Friday, August 01, 2014

413 (2014 #41). Mrs. Poe

written by Lynn Cullen,
read by Eliza Foss

Mrs. Poe really isn't about the wife of poet and author Edgar Allen Poe.  Instead, the main character and narrator of the story is Frances Sargent Osgood, a poet herself, who may or may not have had a relationship with Poe that went beyond the flirtatious exchange of poems printed in the journal Poe edited.

The story begins in the winter of 1845, when Poe is at the height of his fame with the publication of "The Raven" (printed in full to start the book), and concludes two years later.  Osgood's philandering artist husband has left her alone to support herself and their two daughters, and Poe's attention ultimately helps her career.

Interestingly, in an interview, author Lynn Cullen says she was in similar circumstances just before writing this book, as her husband was temporarily debilitated from a bout with encephalitis (a possible cause of Poe's mysterious death) and she was worried about how she would support her family.

Lynn Cullen did a very good job researching her setting - New York City in the mid-1840s - and that aspect of the book is excellent.  What appears to be a lot of name-dropping cameo appearances of other authors and famous people of the day may seem annoying, but it's very likely that Osgood, Poe, and his wife Virginia (a cousin whom he married when he was 26 and she 13, who suffered from tuberculosis) did meet these people in the literary circles in the city.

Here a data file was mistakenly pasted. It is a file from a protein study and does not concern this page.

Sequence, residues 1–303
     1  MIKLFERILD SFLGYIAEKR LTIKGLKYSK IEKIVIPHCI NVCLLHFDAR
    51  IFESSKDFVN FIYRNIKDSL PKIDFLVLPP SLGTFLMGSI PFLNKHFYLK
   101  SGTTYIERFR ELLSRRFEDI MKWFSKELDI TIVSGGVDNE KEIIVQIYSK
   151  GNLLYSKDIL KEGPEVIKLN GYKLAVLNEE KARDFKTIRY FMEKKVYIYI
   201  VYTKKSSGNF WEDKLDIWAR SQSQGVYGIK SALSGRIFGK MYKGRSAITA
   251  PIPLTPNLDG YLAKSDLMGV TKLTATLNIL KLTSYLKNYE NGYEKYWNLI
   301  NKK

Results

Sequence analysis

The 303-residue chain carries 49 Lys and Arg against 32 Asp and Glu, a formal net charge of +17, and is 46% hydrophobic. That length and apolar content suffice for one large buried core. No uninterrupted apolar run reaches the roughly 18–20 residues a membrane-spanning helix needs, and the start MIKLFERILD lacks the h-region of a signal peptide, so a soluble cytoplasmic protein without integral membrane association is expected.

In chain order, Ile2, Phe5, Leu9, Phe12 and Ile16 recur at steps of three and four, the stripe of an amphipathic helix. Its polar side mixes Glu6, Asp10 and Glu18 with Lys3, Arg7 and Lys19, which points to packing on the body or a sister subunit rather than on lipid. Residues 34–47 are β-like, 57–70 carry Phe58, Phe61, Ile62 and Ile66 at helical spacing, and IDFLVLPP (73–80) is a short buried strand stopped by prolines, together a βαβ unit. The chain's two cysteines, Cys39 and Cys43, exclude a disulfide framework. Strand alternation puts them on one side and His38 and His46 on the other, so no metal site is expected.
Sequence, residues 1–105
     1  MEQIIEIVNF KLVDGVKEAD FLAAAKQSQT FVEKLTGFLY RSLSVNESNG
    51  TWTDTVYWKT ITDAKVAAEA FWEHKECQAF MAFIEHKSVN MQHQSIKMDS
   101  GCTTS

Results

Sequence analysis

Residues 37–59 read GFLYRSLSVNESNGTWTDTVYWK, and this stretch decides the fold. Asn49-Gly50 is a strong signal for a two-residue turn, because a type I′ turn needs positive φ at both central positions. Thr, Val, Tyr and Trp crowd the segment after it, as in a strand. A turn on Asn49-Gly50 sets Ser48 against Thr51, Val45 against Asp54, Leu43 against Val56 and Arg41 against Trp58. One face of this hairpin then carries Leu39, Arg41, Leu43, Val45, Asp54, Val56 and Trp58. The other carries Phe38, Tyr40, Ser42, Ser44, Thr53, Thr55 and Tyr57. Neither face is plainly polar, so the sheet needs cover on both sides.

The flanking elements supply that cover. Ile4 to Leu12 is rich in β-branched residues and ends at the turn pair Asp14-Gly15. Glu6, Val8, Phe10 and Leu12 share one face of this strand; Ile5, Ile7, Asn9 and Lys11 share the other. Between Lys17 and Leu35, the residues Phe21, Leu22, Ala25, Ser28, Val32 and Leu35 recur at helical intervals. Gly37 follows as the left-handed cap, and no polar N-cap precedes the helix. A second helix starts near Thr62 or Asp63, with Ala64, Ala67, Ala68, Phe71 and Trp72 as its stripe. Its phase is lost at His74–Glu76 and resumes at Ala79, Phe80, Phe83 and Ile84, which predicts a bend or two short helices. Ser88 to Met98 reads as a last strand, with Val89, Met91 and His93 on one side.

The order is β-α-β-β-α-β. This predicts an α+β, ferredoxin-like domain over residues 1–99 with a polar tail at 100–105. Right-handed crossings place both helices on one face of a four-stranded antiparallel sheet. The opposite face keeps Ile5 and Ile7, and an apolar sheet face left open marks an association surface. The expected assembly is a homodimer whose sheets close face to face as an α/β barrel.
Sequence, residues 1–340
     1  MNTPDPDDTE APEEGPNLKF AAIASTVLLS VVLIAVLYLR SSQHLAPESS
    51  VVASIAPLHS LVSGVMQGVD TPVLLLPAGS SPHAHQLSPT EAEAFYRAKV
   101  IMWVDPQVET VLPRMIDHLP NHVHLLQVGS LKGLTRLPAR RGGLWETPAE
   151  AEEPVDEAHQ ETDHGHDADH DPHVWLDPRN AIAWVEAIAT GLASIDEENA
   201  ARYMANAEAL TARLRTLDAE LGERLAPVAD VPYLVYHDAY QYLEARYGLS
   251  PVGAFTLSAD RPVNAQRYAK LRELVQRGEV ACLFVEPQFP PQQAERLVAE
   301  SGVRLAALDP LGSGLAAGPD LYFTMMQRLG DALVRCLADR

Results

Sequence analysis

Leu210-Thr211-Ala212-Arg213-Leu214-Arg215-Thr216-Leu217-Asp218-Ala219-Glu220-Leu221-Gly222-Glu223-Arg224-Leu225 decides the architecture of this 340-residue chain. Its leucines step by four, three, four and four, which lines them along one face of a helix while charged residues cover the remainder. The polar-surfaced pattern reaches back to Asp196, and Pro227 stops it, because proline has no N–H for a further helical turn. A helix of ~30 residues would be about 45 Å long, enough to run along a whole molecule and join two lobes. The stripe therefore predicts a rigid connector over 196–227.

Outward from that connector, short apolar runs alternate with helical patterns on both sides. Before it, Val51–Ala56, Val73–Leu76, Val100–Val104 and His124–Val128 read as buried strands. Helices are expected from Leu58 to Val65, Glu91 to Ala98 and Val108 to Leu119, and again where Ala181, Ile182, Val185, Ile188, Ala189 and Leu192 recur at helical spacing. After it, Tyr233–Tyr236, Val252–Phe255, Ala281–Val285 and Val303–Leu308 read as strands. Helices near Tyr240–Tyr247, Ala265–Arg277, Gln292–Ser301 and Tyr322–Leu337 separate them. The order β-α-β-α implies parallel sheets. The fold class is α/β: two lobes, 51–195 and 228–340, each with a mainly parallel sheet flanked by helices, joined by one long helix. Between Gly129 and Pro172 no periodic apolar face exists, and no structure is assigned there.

The author's note at the end was helpful in telling the reader what happened to many of the major characters AFTER the story ended.  However, I would have like a little more clarification on what happened IN the book - what was true, what was not.  For example, according to Lynn Cullen's website, Frances Osgood did live with Eliza and John Russell Bartlett for a while, but I would have liked to have seen that fact in the author's note, as well as more detail on the sources she used in her writing.  The lack of such information means a lot of readers will assume that the events in the story are all true, when they are not.

Actress Eliza Foss "was featured in Audiofile magazine as one of 'audio's hottest romance narrators,'" and she certainly provides a dramatic reading of this book.  She gives Poe a slight Southern accent, fitting in that he grew up in Virginia.

I'm not fond of the romance genre, nor of Gothic horror/mystery, and this book has a little too much of both for my liking.  It is historical fiction, and that redeemed it for me.  Any time a work of historical fiction gets me to want to research the people and places it's about, it's a success.  Just keep in mind as you read it that is IS fiction and not fact.

© Amanda Pape - 2014

[The audiobook, and a print copy for reference, were borrowed from and returned to my local public library.]

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